PHP team fixes nasty site-owning remote execution bug
The PHP development team has fixed a bug that could allow remote code execution in some setups of the programming language, possibly allowing attackers to take over any site running the code remotely.
PHP is a common programming language used to run dynamic websites. It operates everything from online forums to ecommerce systems. The bug, found in version 7 of PHP, only affects instances running the PHP FastCGI Process Manager (PHP-FPM), which is an alternative implementation of a standard PHP module called FastCGI. It lets an interpreter outside the web server execute scripts. The process manager version includes some extra features to support high-volume websites.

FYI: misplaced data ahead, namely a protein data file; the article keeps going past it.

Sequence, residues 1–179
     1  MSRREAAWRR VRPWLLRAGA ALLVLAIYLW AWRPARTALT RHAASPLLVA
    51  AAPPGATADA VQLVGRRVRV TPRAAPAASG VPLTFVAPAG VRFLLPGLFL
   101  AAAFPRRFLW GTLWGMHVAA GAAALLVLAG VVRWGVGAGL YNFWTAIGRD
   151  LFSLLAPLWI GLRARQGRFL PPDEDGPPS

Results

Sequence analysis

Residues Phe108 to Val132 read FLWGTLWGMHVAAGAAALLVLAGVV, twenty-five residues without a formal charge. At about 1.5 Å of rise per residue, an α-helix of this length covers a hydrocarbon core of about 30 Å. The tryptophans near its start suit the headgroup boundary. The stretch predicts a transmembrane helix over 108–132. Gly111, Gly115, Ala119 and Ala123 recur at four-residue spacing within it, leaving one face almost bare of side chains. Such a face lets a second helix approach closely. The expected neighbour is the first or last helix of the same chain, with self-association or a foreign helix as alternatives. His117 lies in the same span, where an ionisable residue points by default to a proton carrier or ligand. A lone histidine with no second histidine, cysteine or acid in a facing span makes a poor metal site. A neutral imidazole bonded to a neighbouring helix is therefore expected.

For the bug to work, the website must also be running the Nginx web server, which runs on around one in every three websites, according to W3techs.
When calling a script, the PHP language failed to check that its path was correct. The researcher used this to manipulate a variable within PHP that developers use to configure it. The researcher explained:
Using this technique, I was able to create a fake PHP_VALUE fcgi variable and then use a chain of carefully chosen config values to get code execution.
The team acknowledged the bug and began working on a patch, publishing an untested one on 6 October on its own forum so that its developers could test it. They also collaborated with the researcher to help prepare the patch for testing.